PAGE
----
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Retirement Planning/Freelancing during retirement

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QUESTION: Hello. I will turn 63 on June 15, 1915. I have worked as a freelance proofreader/editor for several companies for the past 15 years. I am considering retiring either now or (to make it simpler) effective January 2016. After I retire, I thought I would be able to work as much as I want as a freelancer (until I reach $15,720, after which I would lose $1 for every $2 I earned). However, I have been told that, as a freelancer, I can only work less than 39 hours per month. Some months I work much more than that and some months much less, depending on what work I can get. I have gotten contradictory responses from the SSA when I asked about this. How would the rules apply to my situation? Thank you.

Richard E. Reyes, CFP
Richard E. Reyes, CFP  
ANSWER: Earned income is earned income is earned income whether its from a job or net earnings if you are self-employed. As long as you follow the limits, you should be OK.

---------- FOLLOW-UP ----------

QUESTION: Your answer is the same answer that one person at the SSA gave to me when I called. On their Web site, however, is a brochure explaining working while retired that states "Also, if you’re self-employed, we consider how much work you do in your business to determine whether you’re retired. One way is by looking at the amount of time that you spend working. In general, if you work more than 45 hours a month in self-employment, you’re not retired; if you work less than 15 hours a month, you’re retired. If you work between 15 and 45 hours a month, you won’t be considered retired if it’s in a job that requires a lot of skill, or you’re managing a sizable business." That is what scares me, as I don't want any surprises. I also found a site saying that the earnings limit can be gotten around by forming an S-corporation and taking out the earnings as a salary from it. What are your thoughts about these? Thanks again.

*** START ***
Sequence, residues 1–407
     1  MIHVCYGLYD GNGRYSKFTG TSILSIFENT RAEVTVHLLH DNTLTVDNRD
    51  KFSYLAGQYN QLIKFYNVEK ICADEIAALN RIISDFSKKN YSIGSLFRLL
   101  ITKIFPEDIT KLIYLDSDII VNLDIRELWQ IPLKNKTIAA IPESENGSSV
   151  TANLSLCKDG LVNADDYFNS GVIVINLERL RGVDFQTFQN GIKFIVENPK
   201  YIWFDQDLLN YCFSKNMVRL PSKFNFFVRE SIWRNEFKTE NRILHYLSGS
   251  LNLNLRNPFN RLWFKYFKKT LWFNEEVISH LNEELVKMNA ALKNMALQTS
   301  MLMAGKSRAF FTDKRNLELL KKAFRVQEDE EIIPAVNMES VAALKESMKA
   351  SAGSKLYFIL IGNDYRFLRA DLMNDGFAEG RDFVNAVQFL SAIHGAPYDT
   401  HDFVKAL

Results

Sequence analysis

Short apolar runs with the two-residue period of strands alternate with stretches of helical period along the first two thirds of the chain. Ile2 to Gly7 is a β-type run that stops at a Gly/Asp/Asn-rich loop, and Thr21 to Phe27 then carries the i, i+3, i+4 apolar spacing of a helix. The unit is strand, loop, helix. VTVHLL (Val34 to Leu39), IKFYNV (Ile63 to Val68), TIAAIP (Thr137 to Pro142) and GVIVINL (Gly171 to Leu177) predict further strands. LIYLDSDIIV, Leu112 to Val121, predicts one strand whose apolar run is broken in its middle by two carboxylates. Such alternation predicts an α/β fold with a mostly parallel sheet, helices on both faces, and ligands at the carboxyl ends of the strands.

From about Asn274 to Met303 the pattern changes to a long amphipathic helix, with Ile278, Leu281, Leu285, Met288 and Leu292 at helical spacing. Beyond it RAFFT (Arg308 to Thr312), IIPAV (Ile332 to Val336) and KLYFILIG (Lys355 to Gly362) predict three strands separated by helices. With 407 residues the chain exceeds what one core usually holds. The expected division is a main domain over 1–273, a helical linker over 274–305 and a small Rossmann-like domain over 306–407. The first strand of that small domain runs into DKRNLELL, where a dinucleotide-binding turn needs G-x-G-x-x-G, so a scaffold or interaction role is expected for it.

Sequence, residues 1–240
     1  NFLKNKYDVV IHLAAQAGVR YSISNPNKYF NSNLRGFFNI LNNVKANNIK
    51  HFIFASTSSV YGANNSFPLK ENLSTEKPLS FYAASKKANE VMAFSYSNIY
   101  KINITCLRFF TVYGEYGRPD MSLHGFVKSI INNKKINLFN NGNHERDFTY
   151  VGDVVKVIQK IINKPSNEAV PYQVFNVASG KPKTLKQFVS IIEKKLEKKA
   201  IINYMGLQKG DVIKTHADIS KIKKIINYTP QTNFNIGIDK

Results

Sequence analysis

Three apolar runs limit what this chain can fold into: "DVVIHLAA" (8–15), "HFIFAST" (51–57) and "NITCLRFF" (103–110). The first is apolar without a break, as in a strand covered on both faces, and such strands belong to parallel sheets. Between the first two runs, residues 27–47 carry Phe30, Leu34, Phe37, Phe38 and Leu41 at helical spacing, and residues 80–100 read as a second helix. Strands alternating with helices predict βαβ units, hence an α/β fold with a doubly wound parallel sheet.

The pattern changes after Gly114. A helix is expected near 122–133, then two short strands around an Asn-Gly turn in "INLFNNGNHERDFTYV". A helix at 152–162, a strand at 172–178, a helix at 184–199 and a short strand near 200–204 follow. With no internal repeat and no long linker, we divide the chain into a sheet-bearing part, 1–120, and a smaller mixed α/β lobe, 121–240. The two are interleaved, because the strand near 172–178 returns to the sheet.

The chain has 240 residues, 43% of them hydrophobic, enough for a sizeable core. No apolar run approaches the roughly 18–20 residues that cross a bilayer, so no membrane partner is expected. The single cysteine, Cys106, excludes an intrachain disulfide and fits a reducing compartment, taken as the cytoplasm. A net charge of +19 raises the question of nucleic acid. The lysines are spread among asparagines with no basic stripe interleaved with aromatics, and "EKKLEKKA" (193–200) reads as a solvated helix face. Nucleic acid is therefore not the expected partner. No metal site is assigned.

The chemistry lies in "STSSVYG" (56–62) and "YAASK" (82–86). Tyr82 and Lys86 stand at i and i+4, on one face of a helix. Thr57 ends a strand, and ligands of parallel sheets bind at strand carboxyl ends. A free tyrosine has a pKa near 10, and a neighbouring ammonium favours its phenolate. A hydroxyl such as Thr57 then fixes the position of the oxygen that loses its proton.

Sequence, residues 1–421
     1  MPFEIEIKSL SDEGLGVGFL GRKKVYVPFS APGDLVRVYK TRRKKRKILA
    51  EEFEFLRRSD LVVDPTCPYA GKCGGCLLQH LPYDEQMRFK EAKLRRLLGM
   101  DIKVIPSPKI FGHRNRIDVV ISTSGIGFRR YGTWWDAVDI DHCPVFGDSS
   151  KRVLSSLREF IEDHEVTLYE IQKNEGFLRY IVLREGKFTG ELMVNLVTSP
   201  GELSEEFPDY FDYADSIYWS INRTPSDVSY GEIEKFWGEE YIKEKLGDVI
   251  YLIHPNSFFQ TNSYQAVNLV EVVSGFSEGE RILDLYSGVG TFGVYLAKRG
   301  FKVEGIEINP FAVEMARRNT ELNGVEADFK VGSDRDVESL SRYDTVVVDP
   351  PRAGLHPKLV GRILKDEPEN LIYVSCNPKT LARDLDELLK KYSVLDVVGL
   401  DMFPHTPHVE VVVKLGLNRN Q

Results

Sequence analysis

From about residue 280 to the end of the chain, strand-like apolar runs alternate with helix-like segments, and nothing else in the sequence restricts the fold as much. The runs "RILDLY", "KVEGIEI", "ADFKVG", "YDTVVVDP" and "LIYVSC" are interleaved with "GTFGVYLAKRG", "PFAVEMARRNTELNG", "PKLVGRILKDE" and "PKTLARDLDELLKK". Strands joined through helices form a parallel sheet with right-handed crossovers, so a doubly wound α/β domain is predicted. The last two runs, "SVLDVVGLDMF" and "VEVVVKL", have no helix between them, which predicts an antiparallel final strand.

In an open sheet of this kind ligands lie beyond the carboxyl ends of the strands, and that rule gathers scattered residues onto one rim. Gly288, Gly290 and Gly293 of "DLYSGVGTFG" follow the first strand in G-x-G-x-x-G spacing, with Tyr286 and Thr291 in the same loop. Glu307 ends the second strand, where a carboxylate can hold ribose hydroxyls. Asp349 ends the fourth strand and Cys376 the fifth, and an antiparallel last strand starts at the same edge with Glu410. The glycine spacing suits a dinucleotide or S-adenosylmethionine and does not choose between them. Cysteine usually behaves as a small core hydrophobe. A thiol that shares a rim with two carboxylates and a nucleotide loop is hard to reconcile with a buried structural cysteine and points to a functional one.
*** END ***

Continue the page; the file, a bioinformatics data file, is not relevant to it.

Answer
Richard E. Reyes, CFP
Richard E. Reyes, CFP  
Think about it, if you are self-employed how does SSA know how much hours you worked?

I would recommend that you also go to a Certified Financial Planner in your area who is well informed on Social Security and how it goes together with your other assets. Most people, although it may be practical at the time, make a HUGE mistake taking Social Security early.  

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Richard E. Reyes, CFP

Expertise

I can provide answers to questions relating to retirement especially relating to; income distribution, tax efficiency, long-term care insurance, life insurance, estate planning, asset protection, variable and fixed annuities, alternative investments and prudent portfolio design.

Experience

Through the years Richard has built a reputation as one of Central Florida's expert on retirement income distribution by providing sound, unbiased wealth coaching. We believe that Financial Planning is the problem and Wealth Coaching is the solution. The Wealth Coaching process gives you Peace of Mind, so you can stop worrying about your future. It helps you find happiness as it guides you in the TRUTH of investing, by teaching you how to make wise choices as you journey through your life’s stages. It is all about your relationships and what you value, not your net worth.

Publications
Seminole Success Magazine “Retirement Planning” Seminole Success Magazine “Small Business Snapshot” The Orlando Sentinel – Ask the Expert Financial Section (Various) Greater Orlando Broker Agent Magazine “The New It” Senior Market Advisor “Random Reader, Random Questions”

Education/Credentials
B.S. University of Florida, Gainesville, FL
CFP Certificate, University of Central Florida, Orlando, FL

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